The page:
Homeschooling during the COVID-19 pandemic: Parental experiences, risk and resilience

1 Apr 2021 | Parents, Professionals, Teachers

Lockdown measures and school closures due to the COVID-19 pandemic meant that families with school-aged children had to adapt to a new situation: Suddenly, the home became the center for work, schooling, learning, play and spending time together as a family (Hale, Webster, Petherick, Phillips, & Kira, 2020). More than a year after the first lockdown, for many families in the Netherlands homeschooling is still a part of life, with individual children or whole school classes being sent into quarantine on a regular basis. Clearly, each family has their unique way of coping with these unusual consequences and potential consequences for the continuity of children’s educational development as well as family functioning and wellbeing may also differ from family to family (Blundell, Costa Dias, Joyce, & Xu, 2020).


Marina Iliás,

Anne Tharner,

Marleen de Moor,

Carlo Schuengel & Mirjam Oosterman





Center for Clinical Child and Family Studies, Vrije Universiteit Amsterdam






Studying adaptation to homeschooling through a resilience framework lens

With the support of the LEARN! Research Institute, we set up a study within an ongoing longitudinal cohort (Generaties2) to gain insights into parents’ experiences with homeschooling during the COVID-19 pandemic. We examined how families adapt to the new situation, how they cope with potential risks or even create positive new experiences. Participants were 543 parents (403 mothers and 140 partners currently living in the family home) of school-aged children between 5.5 and 11 years old. Participants were mostly from the Amsterdam area in the Netherlands, and have joined the study since pregnancy. Following are some highlights from our ongoing analyses, which still have to be reviewed by independent scientists.

How did families organize and experience homeschooling during the COVID-19 pandemic?

Parents reported that on average children spent almost 4 hours per day in “home school” with parents being involved about 75% of the time, about 3 hours in total. Some families spent as much as 7 hours per day on homeschooling. Parents’ experiences of homeschooling were very mixed: some parents graded their experience a “1” (very poor) and others gave it a “10” (excellent). On average, experiences leaned towards the positive. While some parents found homeschooling not at all stressful, it was extremely stressful for others. However, most parents indicated that for them homeschooling was mostly a gratifying experience. A narrow majority of parents indicated that their child preferred going to school (56.7%), but there was also a sizable group of children who preferred homeschooling (23.8%). Children’s motivation for homeschooling varied widely, but on average parents reported relatively high motivation.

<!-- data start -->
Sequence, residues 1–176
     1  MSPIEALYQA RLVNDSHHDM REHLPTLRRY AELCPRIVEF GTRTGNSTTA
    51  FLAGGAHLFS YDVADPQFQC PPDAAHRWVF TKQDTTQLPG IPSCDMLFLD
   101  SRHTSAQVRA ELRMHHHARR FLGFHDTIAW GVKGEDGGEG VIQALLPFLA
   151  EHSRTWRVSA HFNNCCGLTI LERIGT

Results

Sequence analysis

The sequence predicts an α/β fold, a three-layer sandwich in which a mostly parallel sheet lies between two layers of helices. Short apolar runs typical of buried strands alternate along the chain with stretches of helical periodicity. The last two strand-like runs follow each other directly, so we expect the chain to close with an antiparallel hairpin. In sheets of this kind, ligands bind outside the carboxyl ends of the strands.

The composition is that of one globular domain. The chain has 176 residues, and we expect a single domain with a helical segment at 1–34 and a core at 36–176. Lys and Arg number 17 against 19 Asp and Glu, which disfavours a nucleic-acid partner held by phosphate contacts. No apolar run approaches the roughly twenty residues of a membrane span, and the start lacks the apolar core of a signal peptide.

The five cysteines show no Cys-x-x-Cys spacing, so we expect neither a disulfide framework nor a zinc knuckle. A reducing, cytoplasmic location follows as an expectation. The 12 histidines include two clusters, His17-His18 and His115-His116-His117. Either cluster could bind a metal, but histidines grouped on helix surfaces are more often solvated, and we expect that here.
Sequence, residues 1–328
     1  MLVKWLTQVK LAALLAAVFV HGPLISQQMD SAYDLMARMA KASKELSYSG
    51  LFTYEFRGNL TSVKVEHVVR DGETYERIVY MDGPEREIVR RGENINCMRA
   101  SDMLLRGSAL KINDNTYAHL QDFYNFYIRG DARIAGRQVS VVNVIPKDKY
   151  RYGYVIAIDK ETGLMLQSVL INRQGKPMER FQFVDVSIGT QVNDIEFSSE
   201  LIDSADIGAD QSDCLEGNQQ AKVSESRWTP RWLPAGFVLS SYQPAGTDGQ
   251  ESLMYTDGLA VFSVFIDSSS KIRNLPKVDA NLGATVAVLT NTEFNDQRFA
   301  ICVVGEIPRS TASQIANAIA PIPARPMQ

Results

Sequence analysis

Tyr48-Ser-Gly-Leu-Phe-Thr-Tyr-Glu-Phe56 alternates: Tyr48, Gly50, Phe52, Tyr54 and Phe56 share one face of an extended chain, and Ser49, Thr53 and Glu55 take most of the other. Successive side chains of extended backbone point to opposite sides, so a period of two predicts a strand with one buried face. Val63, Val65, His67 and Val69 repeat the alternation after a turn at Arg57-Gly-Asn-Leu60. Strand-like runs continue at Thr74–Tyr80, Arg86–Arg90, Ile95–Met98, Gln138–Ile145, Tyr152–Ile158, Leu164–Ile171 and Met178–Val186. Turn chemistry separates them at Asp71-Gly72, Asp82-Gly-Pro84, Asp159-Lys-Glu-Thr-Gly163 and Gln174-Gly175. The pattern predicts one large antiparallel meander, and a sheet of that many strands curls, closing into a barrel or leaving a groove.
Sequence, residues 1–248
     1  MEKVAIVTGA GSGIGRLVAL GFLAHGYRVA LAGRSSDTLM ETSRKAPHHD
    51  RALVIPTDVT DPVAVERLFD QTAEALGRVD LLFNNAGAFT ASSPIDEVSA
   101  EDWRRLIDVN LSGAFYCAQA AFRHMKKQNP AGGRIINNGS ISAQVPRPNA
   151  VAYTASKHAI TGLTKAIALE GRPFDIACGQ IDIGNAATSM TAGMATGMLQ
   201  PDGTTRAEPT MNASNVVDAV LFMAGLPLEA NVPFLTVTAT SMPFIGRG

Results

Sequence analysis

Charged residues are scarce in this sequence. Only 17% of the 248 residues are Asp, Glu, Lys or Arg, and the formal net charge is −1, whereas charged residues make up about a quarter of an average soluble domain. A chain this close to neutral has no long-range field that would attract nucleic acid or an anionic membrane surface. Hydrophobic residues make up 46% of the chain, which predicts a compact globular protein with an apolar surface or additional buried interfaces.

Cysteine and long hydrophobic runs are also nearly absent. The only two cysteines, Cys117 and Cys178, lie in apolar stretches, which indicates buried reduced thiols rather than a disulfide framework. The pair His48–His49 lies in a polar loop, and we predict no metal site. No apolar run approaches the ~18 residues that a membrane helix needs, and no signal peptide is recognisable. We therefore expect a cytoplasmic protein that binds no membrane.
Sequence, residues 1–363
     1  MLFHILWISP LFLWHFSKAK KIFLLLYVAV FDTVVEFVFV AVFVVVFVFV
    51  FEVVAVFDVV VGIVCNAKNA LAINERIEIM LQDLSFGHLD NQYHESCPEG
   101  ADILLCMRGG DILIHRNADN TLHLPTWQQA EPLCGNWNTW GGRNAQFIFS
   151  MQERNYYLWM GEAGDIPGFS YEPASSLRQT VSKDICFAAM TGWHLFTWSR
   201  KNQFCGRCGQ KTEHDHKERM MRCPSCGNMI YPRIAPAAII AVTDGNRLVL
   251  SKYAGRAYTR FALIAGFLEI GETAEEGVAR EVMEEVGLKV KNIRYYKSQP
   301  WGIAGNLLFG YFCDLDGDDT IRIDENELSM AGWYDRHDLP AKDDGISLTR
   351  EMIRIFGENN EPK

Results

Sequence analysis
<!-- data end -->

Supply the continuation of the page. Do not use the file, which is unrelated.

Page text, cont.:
Risk factors

For some families, adapting to forced homeschooling was more difficult than for others. Parents with vocational education reported somewhat lower confidence in their own knowledge and skills than parents with higher vocational or academic education. Parents working (close to) full time reported relatively less often than part time working parents that they were available to their children. Finally, parents with more children also spent more time on homeschooling. These situational challenges were quite expectable. Overall, potential demographic risk factors explained very little variation in parents’ homeschooling experience.

Resilience factors

Much more revealing was parents’ involvement in children’s learning prior to the COVID-19 pandemic. More specifically, parents’ playful support of learning, support of autonomy in learning and a positive learning environment at home before the pandemic predicted which parents were most likely to feel capable of providing support and managing homeschooling during the pandemic. Parental confidence in their ability to support their child learning at school before the pandemic predicted also their resilience during the pandemic: Their confidence persisted into the pandemic and the new homeschooling situation.

What we can learn from resilient families: Parents’ involvement in children’s learning facilitates adaptation to homeschooling

In conclusion, we found large differences in how families experienced homeschooling during the COVID-19 pandemic. While some demographic groups may have had more difficulty with adapting than others, our findings suggest that parents’ experiences with supporting children’s learning prior to the pandemic were more important for resilience and adaptation to homeschooling than demographic risk. Families who were already more involved in their children’s learning before the pandemic, had more positive homeschooling experiences during the pandemic.



Blundell, R., Costa Dias, M., Joyce, R., & Xu, X. (2020). COVID‐19 and Inequalities. Fiscal

Studies, 41(2), 291-319.

Hale, T., Webster, S., Petherick, A., Phillips, T., & Kira, B. (2020). The Oxford COVID-19

Government Response Tracker. Retrieved from



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